I noticed that the books I like best are the ones where the story is retold by Vera Southgate and the beautiful illustrations are by Eric Winter.

I now have the full collection as well as a small collection of other Ladybird books, and a couple of newer versions with particularly good illustrations. The books in the Well Loved Tales series have now become quite collectable, particularly the older versions with dust covers along with the ones from the 60s and early 70s with the price on the back cover in old money.



I started buying my collection 5 or 6 years ago, when I could buy most of them for a couple of pounds on eBay and even found a couple of them in second-hand shops. Nowadays, some of them can cost anything between £5 to £50 (the Cinderella title being the most sought after), and a copy of Cinderella with a dust cover can cost up to £250!

And just in case you're wondering, I won't be selling. I still enjoy looking through these little books and reminiscing about simpler times.

I wonder, did you keep any of your childhood books, or wish you had?

Monday, 11 March 2013

I've had a bit of work done....

Welcome to my new look blog!

It's over 2 years since the last update (Feb 2011 to be precise) and I fancied having the place redecorated, so I called in my favourite blog doer-overer (that's a real word btw): the lovely Liz at Violet Posy.

Liz has taken some garbled instructions and a few of my snapshots and turned them into a really lovely header and blog redesign. I love the colours she's used and the general feel of the whole thing.

Oh, and Tall Daughter will be very miffed if I don't tell you she took the photo of Tessie.

I'm chuffed with it, and I hope you like it too.

Sunday, 10 March 2013

Happy Single Mothers' Day from Gingerbread

I’m sure I don’t need to tell you that single parents are a multi-talented bunch – and raising your family on your own means you develop any number of skills that employers are crying out for.

But we do need to tell people who perhaps aren’t so familiar with the challenging job that is single parenting. We need to fight the stigma that labels single parents who can’t find employment that fits around their families as scroungers and start breaking down the barriers to work they face.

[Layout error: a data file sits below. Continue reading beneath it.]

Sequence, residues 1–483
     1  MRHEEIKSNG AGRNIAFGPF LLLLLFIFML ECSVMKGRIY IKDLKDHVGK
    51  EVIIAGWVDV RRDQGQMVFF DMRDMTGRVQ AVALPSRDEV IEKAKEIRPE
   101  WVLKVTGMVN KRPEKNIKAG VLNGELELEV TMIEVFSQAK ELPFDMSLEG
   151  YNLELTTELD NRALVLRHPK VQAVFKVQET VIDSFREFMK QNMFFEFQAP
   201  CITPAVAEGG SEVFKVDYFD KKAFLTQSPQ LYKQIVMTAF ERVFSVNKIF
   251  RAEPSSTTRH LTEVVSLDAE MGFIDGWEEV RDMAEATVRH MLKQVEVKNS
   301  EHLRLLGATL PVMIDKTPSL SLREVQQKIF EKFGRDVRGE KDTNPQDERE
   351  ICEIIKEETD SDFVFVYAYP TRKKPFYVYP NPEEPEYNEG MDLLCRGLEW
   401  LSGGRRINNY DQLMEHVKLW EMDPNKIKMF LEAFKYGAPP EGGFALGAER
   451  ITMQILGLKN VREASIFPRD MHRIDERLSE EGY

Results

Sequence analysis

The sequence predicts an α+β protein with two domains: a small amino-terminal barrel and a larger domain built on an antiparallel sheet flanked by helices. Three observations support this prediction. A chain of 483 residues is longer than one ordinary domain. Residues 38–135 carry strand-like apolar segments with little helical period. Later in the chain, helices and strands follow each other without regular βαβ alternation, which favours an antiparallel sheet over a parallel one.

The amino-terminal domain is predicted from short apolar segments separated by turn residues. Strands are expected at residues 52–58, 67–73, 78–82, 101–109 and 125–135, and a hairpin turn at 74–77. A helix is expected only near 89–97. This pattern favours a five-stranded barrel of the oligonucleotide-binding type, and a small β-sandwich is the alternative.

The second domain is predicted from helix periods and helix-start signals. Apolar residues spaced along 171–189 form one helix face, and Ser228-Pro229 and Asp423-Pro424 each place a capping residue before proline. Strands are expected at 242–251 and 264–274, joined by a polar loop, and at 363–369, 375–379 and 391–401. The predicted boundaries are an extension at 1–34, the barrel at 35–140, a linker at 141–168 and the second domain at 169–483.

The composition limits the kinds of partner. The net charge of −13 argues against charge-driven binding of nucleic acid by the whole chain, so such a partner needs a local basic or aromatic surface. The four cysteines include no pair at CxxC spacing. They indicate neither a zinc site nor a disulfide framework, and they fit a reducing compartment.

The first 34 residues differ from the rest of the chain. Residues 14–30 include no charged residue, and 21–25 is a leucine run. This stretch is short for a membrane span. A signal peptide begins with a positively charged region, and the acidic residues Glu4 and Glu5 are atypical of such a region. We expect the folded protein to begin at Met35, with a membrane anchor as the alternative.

Gingerbread has produced a heart-warming video featuring three single mums sharing their views on what they have to bring to the workforce – and why single parents like them (and me!) deserve the opportunity to share their talents in jobs that match their ambitions and meet their families’ needs. 




Happy Mothers' Day x

Thursday, 7 March 2013

Dear Taylor Swift...

Taylor Swift
Image: Mobu 27 via Flickr

Dear Taylor,

You don't know me but I'm the mother of two teenage daughters, they like your music and admire you but have recently started to question your choices.

Why the change? You might ask. Well, the media has whipped up a storm about your 'numerous' boyfriends and my girls are questioning why you've had so many.

First of all, you are an amazingly talented young woman. A multi-award winning star with a huge future ahead of you, so it's disappointing and hugely misogynistic for the media to focus on your private life more than on your professional. But unfortunately that's what sells magazines and newspapers.

Secondly, in your interview with Instyle Magazine you're quoted as saying:

“My fears circle around me making the wrong choices and messing this up for myself. I don’t wanna end up being awful and intolerable. Alone. Laying in a marble bathtub by myself, like sad, with a glass of wine just complaining that my life ended up alone because I pushed everyone away because I thought I was too good to hang out with anybody.”

Awww, really? This makes me feel so sad for you. Can I just remind you that you're only 23. Twenty-three. That's very young, and you shouldn't be panicking about being alone. Maybe when you get to my age you should worry, but not when you're still so young. You've achieved so much already, so what if you're not as good with boys/men - who of us can say we were at that age?

You're a beautiful girl who, with a little more life experience, will be confident enough to exist without being part of a  relationship.

You also say in that interview: "I have like two or three [platonic] guy friends. A select few. But I have like 20-25 really good girlfriends.”

My advice? Spend time with your good girlfriends, take a break from trying to make relationships work and take some time to figure out who you really are. Your girlfriends are the ones who will be with you every step of the way not just for the good times, cherish them.

Let the boyfriends thing take a back seat for a while, they can wait.

You're a role model to so many teenage girls the world over, remember that.

Enjoy your success.

Yours,

a concerned parent.

Monday, 4 March 2013

Things I like, and you might too

 Pinterest credit
This video could change your life. I recommend sharing it with teenagers who might actually listen to it.

Some stunning photographs that have to be seen to be believed. Number 5 is my favourite...no, hang on, number 10....or maybe number 18...